But they WERE fast

This big utility company has staff scattered over a wide area, and that means lots of small offices and field teams, according to a pilot fish working at HQ.

"Other than their network connection, the field staffers have very little need for server infrastructure," fish says. "They come into the office, check e-mail, get the day's job sheets and head out to do a day's field work. They only come back to the depot to lock the vehicles in for the night.

"Things get a bit messy when some manager decides to fill a spare desk with an engineer who will spend his day working on large CAD files. All sites that have more than a defined number of staff regularly in the office get a local file server to help with this situation."

And major staff changes at the small offices are pretty rare, so requests to add a file server -- and all the associated design and requisition headaches -- are rare too.

But one day a call comes in, complaining that the network speed between two of the small offices is painfully slow. The call is routed to the netadmin team. Within a minute, they've determined that all traffic between the sites is being routed through the main data center.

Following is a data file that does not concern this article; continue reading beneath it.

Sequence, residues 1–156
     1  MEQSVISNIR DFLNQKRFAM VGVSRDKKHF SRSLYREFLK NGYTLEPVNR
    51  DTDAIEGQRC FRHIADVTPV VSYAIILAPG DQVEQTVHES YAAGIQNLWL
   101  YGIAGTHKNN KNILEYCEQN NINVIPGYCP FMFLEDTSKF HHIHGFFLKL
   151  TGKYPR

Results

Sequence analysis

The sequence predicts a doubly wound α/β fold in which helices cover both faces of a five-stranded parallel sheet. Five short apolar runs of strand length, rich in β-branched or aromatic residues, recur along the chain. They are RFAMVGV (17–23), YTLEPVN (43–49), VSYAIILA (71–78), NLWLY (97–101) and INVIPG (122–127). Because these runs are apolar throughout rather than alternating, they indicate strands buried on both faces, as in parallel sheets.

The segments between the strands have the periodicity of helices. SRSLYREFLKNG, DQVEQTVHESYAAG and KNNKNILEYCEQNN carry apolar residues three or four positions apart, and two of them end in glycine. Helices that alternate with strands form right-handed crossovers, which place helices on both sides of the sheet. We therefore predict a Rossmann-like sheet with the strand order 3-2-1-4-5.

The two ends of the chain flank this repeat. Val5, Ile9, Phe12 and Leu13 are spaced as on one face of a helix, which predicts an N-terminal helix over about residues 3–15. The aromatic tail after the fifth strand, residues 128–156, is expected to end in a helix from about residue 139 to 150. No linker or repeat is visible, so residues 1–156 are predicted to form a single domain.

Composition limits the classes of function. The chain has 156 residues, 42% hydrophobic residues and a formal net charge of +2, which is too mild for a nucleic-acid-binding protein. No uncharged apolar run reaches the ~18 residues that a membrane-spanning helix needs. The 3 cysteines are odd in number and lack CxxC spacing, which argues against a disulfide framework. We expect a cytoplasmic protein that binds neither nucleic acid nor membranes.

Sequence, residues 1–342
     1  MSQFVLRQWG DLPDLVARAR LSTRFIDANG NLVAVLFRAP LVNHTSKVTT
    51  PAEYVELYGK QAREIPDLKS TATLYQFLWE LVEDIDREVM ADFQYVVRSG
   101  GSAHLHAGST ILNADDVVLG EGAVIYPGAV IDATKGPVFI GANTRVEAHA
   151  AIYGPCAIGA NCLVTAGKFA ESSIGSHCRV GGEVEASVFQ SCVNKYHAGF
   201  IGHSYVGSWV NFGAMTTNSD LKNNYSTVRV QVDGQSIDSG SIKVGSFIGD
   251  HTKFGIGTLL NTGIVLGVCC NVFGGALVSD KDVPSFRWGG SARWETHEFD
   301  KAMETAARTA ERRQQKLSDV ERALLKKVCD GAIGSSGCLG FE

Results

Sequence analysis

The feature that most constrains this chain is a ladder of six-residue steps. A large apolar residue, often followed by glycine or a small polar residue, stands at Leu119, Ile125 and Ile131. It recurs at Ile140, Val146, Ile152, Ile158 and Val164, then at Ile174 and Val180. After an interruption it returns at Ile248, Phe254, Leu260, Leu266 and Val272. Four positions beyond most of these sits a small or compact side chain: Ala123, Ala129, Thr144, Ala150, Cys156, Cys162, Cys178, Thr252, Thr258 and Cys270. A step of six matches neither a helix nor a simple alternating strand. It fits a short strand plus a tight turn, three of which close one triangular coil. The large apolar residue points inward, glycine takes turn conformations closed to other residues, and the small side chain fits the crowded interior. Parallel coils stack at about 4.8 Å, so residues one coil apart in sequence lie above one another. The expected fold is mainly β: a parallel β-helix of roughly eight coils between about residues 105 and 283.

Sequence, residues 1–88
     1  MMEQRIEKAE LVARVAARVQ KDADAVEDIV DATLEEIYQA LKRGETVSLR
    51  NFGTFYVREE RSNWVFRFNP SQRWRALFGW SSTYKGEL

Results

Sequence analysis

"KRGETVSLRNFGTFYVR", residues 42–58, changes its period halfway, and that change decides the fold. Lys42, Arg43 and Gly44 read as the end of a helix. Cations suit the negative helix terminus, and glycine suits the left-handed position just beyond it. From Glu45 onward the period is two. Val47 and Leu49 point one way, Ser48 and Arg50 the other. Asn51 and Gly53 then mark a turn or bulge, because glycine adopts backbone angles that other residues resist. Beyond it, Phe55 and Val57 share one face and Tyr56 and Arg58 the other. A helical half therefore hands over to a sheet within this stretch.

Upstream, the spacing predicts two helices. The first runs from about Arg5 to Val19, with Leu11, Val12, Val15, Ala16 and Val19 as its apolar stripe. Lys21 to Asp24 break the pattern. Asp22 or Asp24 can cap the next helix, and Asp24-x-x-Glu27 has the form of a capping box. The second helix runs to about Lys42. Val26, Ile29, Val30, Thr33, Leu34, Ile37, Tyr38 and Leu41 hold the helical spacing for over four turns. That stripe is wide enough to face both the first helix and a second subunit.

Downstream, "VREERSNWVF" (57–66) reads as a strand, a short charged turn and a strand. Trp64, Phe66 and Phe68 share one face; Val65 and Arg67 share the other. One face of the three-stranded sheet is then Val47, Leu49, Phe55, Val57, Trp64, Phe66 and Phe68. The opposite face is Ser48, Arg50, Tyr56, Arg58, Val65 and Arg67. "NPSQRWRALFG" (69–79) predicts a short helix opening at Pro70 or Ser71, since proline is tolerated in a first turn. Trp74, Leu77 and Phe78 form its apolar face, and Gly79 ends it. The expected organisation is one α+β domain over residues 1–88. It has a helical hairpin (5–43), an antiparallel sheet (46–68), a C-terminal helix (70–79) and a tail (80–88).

The netadmins can't change this. Their suggestion: The IT operations team that's responsible for servers should take a look to see whether one of the sites should get a local file server.

A few seconds later, the call has bounced straight on past the operations team, which wants nothing to do with cost justifications for installing a remote server. The suggestion from operations: Maybe the design team could investigate and decide whether it's worthwhile to put a server there.

That's how it lands in fish's lap.

A quick survey of the user's original complaint and the four -- count 'em, four -- minutes of technical investigation shows no reason to believe that a local server will help. But fish decides to spend another minute or two on the problem anyway.

He pulls up the details of the remote site, looking for information on number of staff and PCs there. Very interesting: The site turns out to be well past the threshold for justifying a server.

"In fact, the details also show a fully running server is already located there," says fish. "It was installed a year earlier, which makes my final recommendation quite a bit easier.

"The previous teams who were meant to have investigated the problem are fully responsible for the day-to-day operation and maintenance of the server.

"Maybe this time they'll ask the user some questions about the problem instead of just deciding it must be someone else's fault."

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Copyright © 2009 IDG Communications, Inc.

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